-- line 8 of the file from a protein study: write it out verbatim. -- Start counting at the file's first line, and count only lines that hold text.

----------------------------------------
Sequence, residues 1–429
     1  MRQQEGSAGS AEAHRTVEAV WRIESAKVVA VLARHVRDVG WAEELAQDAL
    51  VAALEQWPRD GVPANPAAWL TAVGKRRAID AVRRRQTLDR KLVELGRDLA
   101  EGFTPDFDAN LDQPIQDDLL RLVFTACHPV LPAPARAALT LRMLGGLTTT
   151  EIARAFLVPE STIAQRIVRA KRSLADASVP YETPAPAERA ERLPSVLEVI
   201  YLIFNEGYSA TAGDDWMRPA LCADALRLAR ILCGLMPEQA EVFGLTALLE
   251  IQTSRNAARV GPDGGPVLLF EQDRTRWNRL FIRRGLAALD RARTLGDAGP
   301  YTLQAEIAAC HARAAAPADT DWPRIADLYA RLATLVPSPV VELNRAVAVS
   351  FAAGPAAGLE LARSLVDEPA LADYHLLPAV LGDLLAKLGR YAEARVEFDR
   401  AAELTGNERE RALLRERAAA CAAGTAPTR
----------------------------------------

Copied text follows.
   301  YTLQAEIAAC HARAAAPADT DWPRIADLYA RLATLVPSPV VELNRAVAVS